Public policy may have also played an unexpected role. In the 2020 presidential election, Donald Trump carried seven of the 10 states with high natural immunity, while Joe Biden carried all 10 states with low natural immunity. Among the 10 states with high natural immunity, 90% did not have active mask policies, while 90% of states with low natural immunity had mask policies in place through May.
|Variable||10 States with Highest Natural Immunity Rates||10 States with Lowest Natural Immunity Rates|
|Estimated previous infections (confirmed cases x 5)||61%||26%|
|14-day change in cases||-9%||+9%|
|States won by Trump||70%||0%|
|States with mask policy in effect||10%||90%|
|States with peak infections before vaccines available (Jan. 1, 2021)||80%||30%|
Data from The New York Times, values through May 2021
So, what happened? First, states that enacted mask and related policies had fewer new cases of Covid-19. That is certainly good news. But there may have been a downside: Mask and other mandates that successfully lowered infections may have left unvaccinated people vulnerable to SARS-CoV-2 because fewer had acquired natural immunity. Conversely, states without mask policies suffered higher rates of infection that resulted in more natural immunity, offering more protection before vaccines were available.
Although vaccines and previous infections are alternative pathways to immunity, vaccines are by far the safer route to it. The cost for some states to achieve high natural immunity was the heartbreak of intolerable rates of illness, hospitalization, and death. Suggesting that people risk getting infected to achieve immunity is unacceptably irresponsible.
To be prepared for future pandemics, the U.S. — and other countries — need to learn what really happened across the course of this one. The answer is not likely to be simple, since there is plenty of nuance overlaid on ever-changing trends.
For example, in contrast to my analysis, the Washington Post reported on June 14 that coronavirus infections are falling where people are vaccinated and rising where they are not. The Post’s analysis is correct: There is a modest correlation between current state-level vaccination rates and the most recent reports of new cases. But it ignores longer-term trends.
States with low natural immunity, despite administering more vaccines, were more likely to have surges of Covid-19 in the spring. As the pandemic was receding, declines in low natural immunity states may have appeared larger because they were falling from higher spring peaks. Most states with high natural immunity had achieved low new case rates by December, leaving less room to observe declines. A set of graphs is available here.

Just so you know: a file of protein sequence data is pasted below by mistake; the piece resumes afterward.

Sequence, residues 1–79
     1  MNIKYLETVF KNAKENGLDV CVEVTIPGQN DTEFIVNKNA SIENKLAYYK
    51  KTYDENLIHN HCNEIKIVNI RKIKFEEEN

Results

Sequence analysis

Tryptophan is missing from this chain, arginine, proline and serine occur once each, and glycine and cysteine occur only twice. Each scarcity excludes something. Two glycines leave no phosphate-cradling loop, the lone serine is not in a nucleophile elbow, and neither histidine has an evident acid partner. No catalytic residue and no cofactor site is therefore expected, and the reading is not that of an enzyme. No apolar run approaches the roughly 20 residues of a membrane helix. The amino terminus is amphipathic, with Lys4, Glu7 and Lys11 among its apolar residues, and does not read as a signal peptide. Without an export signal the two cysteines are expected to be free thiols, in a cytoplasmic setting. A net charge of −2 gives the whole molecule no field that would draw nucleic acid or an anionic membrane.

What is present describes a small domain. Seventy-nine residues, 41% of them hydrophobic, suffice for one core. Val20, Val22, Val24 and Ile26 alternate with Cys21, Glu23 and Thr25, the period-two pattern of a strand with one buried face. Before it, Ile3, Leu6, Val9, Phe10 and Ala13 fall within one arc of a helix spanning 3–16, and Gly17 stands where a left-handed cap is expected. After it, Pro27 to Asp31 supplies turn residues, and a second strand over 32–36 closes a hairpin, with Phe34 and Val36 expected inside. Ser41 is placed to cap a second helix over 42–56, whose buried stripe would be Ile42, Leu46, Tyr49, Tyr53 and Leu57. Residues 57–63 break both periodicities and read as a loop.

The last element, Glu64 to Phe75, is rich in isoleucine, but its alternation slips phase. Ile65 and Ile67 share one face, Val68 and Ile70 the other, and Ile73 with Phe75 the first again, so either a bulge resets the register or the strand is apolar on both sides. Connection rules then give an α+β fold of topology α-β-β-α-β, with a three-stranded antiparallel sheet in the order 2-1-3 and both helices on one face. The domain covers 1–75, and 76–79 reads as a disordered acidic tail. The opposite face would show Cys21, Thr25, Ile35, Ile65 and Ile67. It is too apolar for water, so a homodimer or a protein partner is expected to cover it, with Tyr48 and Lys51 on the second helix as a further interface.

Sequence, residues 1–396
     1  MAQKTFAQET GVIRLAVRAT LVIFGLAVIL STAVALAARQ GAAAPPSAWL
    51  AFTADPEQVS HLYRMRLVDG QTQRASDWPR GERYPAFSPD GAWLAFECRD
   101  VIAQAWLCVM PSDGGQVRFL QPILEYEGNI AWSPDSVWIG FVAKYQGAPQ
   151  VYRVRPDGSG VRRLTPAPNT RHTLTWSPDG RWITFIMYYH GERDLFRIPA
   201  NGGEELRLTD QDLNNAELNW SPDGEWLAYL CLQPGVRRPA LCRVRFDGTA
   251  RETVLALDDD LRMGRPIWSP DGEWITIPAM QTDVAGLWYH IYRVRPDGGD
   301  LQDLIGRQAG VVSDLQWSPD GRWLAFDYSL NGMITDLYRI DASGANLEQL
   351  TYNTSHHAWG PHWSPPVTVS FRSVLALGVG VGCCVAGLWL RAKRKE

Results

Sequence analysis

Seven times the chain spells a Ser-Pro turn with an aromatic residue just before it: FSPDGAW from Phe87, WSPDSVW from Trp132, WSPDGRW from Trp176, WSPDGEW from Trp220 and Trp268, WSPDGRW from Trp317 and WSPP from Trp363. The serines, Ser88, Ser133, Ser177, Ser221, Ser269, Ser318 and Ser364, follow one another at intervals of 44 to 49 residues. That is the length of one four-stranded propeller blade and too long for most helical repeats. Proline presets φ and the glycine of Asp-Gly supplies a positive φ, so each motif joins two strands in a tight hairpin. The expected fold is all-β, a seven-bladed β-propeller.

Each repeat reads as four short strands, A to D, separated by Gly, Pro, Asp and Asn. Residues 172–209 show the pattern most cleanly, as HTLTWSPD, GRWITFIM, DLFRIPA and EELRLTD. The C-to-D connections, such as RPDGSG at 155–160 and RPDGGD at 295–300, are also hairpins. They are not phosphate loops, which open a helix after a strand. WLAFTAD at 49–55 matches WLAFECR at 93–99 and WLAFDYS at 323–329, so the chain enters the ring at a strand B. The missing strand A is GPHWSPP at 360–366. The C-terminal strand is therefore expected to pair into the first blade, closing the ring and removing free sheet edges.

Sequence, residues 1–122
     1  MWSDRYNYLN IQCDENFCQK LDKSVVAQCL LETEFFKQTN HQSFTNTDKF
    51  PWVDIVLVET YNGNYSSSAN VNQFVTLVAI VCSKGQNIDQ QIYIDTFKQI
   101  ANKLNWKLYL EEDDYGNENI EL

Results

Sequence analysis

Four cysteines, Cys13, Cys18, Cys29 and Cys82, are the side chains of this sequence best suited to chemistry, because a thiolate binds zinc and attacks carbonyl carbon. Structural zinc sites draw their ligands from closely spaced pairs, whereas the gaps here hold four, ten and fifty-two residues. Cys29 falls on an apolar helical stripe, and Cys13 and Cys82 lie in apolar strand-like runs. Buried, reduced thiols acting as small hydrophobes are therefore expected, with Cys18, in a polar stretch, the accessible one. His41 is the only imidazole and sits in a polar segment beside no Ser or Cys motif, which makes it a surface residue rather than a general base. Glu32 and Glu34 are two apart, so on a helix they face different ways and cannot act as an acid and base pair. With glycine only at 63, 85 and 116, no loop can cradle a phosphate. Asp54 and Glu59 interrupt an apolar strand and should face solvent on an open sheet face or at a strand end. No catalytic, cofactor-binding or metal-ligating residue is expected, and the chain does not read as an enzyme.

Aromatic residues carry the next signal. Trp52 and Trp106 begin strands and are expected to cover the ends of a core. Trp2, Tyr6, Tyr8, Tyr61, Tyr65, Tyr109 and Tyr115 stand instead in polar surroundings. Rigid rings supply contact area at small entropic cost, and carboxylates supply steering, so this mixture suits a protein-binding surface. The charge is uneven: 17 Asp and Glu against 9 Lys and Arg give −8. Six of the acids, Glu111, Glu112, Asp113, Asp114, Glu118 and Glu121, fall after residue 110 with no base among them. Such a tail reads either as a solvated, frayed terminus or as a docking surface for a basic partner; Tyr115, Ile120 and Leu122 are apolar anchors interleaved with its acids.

Some analyses also concentrate on small geographic areas. Sweetwater County, Wyo., where only about 27% of residents are fully vaccinated, has received significant media attention. The county recently led Wyoming for increases in new cases. Wyoming, in turn, leads the U.S. in new infections. But Sweetwater County has only 42,343 residents. Minor — and perhaps transitory — changes in the number of cases can appear as a large percentage change.
In contrast to the suggested spike, data from the New York Times show that Sweetwater’s seven-day average for new cases has been relatively steady for the last few months and recently declined from a high on June 1. And though Wyoming has a very low statewide vaccination rate, new cases had dropped by mid-February — before many people could have been vaccinated — and have remained fairly steady through the spring.
Epidemiology is rarely simple and it will take some time to sort through these conflicting interpretations.
But one trend appears to be clear. As in previous pandemics, the rapid fall in new cases preceded the widespread distribution of vaccines. Although vaccines deserve much credit for declining rates of Covid-19, the protection provided by natural infection has been underappreciated. Emerging evidence shows that previously infected people have effective and durable immunity that rivals or exceeds the benefits of vaccines.
When historians look back at this pandemic, they might report that credit for its resolution should be shared by vaccines, natural immunity, and other public health measures. But even though vaccines did not initiate the decline in Covid-19 cases, they are the best tool available for assuring that the smoldering fire of it is extinguished.
Robert M. Kaplan is a faculty member at Stanford Medicine’s Clinical Excellence Research Center and a distinguished professor emeritus at the UCLA Fielding School of Public Health.